I wish my dream were the truth but you're right.mjhurst wrote:My point remains the same: Most people who are interested in Tarot insist on believing it was an occult manifesto of some sort, disguised as a card game.
Fact is that I clearly misunderstood your point - so yes this reply was directed to your post, as I sincerely believed you meant "tarot is just a game and there's nothing more to it", so your reply is very helpful.Who ever said such a thing? Who are you arguing against? You present this as a rejoinder to my post, which makes it seem as if I said that. If that was your intent, then you being dishonest, lying about me.
Not having read Dummett (a terrible sin I know) I wouldn't dare ! Anyway he has enough supporters to defend him, but then again, why would someone (not insane) attack Dummett ?Yes, I resent that. If your intent was that Dummett said such a thing, then again, you are being dishonest about someone not here to defend himself from your insinuations.
Let's make it clear, I'm not attacking neither you nor Dummett : I misunderstood your views and your texts.1. The Tarot trump cards, in my opinion, were originally and in their most common forms a perfectly intelligible and coherent cycle. That is the opposite of no meaning or "empty". Dummett also admitted they had meaning and suggested an outline of an overall cycle, as well as suggesting that someone might someday decode the meaning.
2. The fact that "at some point" there were other meanings attached to the trumps, by occultists, is also disputed by no one. Dummett is the one who did most of the original research on that question.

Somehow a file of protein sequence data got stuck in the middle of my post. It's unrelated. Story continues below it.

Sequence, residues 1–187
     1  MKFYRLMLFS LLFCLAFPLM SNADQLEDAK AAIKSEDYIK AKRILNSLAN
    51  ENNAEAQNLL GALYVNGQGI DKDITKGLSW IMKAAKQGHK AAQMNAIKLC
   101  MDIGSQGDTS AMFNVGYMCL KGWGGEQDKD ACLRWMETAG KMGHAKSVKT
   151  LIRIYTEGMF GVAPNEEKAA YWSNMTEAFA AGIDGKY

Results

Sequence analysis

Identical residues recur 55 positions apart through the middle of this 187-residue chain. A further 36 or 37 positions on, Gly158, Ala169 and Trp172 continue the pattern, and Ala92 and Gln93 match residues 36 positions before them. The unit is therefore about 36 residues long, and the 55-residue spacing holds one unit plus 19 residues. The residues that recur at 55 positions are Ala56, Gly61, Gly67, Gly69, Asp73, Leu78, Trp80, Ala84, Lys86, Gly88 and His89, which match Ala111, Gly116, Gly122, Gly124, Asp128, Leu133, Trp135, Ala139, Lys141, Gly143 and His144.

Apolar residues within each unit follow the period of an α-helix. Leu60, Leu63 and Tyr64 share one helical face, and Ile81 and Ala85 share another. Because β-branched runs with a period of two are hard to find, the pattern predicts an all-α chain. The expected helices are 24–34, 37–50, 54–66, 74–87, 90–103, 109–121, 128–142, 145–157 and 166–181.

Regarding the cycle
I'm being quite often criticized for putting this exact detail in evidence in front of "anti tarot history" supporters... and actually I love facts !I don't know why you are attacking me and/or Dummett -- all I said was, Tarot was a card game and this new evidence supports that. It seems that your post exemplifies the fact-free approach to Tarot: just make stuff up to attack the historians and their defenders.
definitely nothing ! In fact I didn't know she wrote about tarot at all.Cool -- what did she say about Tarot in that book?
Thanks a lot again because I didn't know about this review. Could be the same kind of misundersatnding although she doesn't have the excuse of not being a native english speaker !Have you read her 1981 review of The Game of Tarot and Twelve Tarot Games in the New York Review of Books? You should. You would like it, given your views.
In short, she claimed, "it seems to be the basic aim behind Professor Dummett’s fanatical pursuit of the Tarot game, in all its forms, to prove that throughout its history it was only a game, and nothing else." This is an astonishingly stupid or disingenuous conclusion, given that Dummett chronicled various early extrapolations beyond the game (things like appropriati, the Straparola riddle, Teofilo Folengo, the many variations of the game including decks like Boiardo and Sola Busca, etc.) as well as researching and presenting the history of occult Tarot. That is, Dummett traced the origin and development of occult Tarot, in detail and for the first time. She claimed that he sought "to prove that throughout its history it was only a game, and nothing else."